US researchers have developed a power source inspired by the electric eel, allowing the generation of 110V just from salt and water.
The research team involved personnel from the University of Fribourg’s Adolphe Merkle Institute (AMI), the University of Michigan, and the University of California San Diego, led by AMI Professor of BioPhysics Michael Mayer. They focused on the electrophorus electricus, a knifefish which is commonly called the electric eel.
The electric eel can generate up to 600V and 100W to stun prey or defend itself. Interestingly, it can modulate its electrical output, using the electricity to help it navigate through waters with low visibility.
The researchers are interested in using the power generation capabilities of the electrophorus electricus and applying it to the integration of technology into living organisms. These systems, like heart pacemakers, sensors, drug delivery pumps or prosthetics, require a form of power source that is biocompatible and flexible. By engineering a system capable of generating electricity inside the body in a sustained manner, it is possible to avoid replacement surgery, while still providing bio-compatible device with the energy required to keep running.
The researchers reverse-engineered the animal’s electric organ. This organ is made up of long and thin cells called electrocytes that span 80% of the eel’s body in parallel stacks.
Signals from the brain trigger these cells to generate a small voltage by allowing sodium ions to rush into one side of the cell, and potassium ions out on the other side. The resulting voltages along the stacks of the cells add up.
The team then designed a power source inspired by this system, generating electricity based on the salinity difference between fresh water and salt water. Sea salt is made of a positive ion (sodium) and a negative ion (chloride). When a permeable compartment of salt water is put in contact with a similar compartment of fresh water, the salt has a natural tendency to migrate into the fresh compartment until all the water has the same salt concentration.
If, however, a membrane that is more permeable to positive ions than to negative ones is placed between these two compartments, then the positive ions rush into the low salt compartment, leaving behind a negatively charged high salt compartment.
The researchers then implemented a second membrane that is more permeable to negatively charged ions. Arranging these compartments and membranes in a repeat sequence thousands of times makes it possible to generate 110 volts just from salt and water.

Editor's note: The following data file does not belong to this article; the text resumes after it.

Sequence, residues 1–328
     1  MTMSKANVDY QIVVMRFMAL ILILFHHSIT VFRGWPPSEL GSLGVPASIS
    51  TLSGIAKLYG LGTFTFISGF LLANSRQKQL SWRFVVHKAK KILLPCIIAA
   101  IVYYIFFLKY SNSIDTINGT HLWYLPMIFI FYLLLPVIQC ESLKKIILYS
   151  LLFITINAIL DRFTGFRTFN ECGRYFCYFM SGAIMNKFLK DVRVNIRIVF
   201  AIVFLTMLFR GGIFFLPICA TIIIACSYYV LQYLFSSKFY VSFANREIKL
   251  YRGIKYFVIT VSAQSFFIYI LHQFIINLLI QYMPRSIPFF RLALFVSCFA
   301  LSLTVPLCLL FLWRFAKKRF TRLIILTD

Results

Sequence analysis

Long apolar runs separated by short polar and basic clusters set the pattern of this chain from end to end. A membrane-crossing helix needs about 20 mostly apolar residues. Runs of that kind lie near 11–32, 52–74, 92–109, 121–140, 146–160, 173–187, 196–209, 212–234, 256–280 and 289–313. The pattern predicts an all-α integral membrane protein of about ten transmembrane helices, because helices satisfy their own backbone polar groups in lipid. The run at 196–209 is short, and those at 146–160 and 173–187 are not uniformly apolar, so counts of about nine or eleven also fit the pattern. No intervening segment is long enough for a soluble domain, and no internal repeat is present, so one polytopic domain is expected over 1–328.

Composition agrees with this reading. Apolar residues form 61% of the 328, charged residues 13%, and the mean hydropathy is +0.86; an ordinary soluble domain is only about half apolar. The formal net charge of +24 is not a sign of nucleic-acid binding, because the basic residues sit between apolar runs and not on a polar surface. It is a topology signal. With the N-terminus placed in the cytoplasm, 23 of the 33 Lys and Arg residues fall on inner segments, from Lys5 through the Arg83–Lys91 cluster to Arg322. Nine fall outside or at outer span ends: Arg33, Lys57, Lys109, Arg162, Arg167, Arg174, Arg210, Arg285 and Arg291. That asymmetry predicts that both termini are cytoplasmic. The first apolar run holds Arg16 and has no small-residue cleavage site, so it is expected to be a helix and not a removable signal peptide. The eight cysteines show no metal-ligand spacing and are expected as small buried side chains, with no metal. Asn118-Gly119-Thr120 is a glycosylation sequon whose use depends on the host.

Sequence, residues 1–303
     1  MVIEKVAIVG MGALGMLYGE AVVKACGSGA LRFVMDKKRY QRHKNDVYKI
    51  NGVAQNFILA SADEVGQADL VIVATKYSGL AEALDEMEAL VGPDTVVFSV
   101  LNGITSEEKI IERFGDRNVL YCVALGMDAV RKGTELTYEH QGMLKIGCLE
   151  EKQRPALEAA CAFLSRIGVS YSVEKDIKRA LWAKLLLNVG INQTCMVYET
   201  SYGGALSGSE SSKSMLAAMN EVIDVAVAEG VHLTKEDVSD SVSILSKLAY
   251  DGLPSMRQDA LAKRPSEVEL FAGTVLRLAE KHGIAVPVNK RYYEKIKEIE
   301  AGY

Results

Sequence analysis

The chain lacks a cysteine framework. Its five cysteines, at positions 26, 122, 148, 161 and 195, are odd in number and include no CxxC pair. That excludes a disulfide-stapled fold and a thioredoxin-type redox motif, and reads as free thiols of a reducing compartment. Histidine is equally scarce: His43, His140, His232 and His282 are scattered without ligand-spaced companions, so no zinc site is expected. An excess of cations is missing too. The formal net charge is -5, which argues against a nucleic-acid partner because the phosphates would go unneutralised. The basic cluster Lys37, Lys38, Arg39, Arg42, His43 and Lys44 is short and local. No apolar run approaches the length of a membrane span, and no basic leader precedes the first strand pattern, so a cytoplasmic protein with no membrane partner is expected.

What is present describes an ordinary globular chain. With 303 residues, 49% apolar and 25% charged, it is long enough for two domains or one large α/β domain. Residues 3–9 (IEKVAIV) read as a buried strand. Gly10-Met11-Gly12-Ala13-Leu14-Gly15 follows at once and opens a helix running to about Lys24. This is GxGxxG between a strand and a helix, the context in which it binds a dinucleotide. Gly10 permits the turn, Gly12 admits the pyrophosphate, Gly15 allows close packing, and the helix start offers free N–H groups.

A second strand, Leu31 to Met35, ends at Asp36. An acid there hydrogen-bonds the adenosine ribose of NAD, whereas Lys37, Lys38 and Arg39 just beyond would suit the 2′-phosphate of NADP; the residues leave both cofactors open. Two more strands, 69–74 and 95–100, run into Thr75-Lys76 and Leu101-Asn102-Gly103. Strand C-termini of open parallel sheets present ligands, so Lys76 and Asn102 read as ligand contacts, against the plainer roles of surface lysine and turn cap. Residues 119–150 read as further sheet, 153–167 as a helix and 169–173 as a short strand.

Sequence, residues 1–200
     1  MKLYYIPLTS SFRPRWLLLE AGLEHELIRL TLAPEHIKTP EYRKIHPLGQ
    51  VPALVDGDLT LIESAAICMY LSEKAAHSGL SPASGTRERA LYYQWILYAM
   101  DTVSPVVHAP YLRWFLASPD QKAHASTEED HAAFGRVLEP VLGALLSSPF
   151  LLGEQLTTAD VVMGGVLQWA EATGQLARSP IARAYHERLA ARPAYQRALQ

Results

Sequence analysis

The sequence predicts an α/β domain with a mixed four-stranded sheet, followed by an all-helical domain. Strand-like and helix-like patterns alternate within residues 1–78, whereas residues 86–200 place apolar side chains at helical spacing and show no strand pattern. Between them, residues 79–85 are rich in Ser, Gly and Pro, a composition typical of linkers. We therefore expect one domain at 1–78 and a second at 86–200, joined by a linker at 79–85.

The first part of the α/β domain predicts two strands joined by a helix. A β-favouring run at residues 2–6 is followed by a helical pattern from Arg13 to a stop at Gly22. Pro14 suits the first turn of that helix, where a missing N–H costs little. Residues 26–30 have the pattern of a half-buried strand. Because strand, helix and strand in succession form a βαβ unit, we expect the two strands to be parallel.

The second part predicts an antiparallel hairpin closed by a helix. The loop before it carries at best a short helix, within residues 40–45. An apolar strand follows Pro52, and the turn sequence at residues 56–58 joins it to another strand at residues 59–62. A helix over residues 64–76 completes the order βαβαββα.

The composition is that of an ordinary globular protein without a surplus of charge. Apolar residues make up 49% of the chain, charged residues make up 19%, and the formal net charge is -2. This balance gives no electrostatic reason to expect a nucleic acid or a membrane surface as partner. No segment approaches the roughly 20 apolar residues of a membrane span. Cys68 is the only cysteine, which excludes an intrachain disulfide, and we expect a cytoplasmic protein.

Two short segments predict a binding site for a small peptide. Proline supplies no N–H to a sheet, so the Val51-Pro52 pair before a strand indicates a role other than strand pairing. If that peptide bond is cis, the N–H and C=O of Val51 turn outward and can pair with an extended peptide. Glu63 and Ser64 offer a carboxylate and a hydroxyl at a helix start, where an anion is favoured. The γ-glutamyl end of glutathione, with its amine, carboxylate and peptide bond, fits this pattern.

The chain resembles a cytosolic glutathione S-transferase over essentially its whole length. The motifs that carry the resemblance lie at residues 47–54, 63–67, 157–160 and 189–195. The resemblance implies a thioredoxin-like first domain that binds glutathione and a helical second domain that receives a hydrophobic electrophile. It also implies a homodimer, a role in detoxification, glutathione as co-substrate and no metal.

The power source, dubbed the reverse electrodialysis power source consists of compartments made of hydrogel, which contains water and can conduct salt ions. These components can be assembled on clear plastic sheets using a commercial 3D printer.
Because the power source consists of individual compartments with small capacities, the voltages must be triggered at the same time. The researchers did this by bringing all the cells into contact simultaneously, using a folding strategy of the printed sheet that was originally developed to unfold solar panels in space.
The researchers are still looking ways to improve the system. While the electric eel can fuel its electrical organs by eating, the system currently requires the application of an external current to recharge. The hydrogel membranes can also be improved – with thinner membranes, the solution will be able to reach a useful power level of implants. There also needs to be a strategy to allow their reactivation inside a living organism.
“The power characteristics of our artificial electric organ are at least a factor of 1,000 lower than those of the eel, and the fish’s ‘packaging’ is also very efficient,” says Mayer.
“Currently we might be able to power the very lowest energy devices, but I do think it is realistic to improve the performance by a factor of ten with better membranes, and then possibly by another factor of ten by efficient engineering.”
According to Mayer, another major challenge will be to tap into the body’s metabolic energy, for example by using ion differences in zones such as the stomach fluids, or by converting mechanical muscle energy to electrical energy, which could then be stored and released from an artificial electric organ.
[Image: Printed sheets - This photo depicts the printed, high voltage implementation of the artificial electric organ. A 3D bioprinter was used to deposit arrays of gel precursor droplets onto plastic substrates, and the droplets were cured with a UV light to convert them into gels. Alternating high-salinity and low-salinity gels (red and blue gels, respectively) were printed onto one substrate, and alternating cation-selective and anion-selective gels (green and yellow gels, respectively) onto a second substrate. When overlaid, these connect to form a conductive pathway generating up to 110 V. Credit: Thomas Schroeder ([email protected]) and Anirvan Guha ([email protected]).]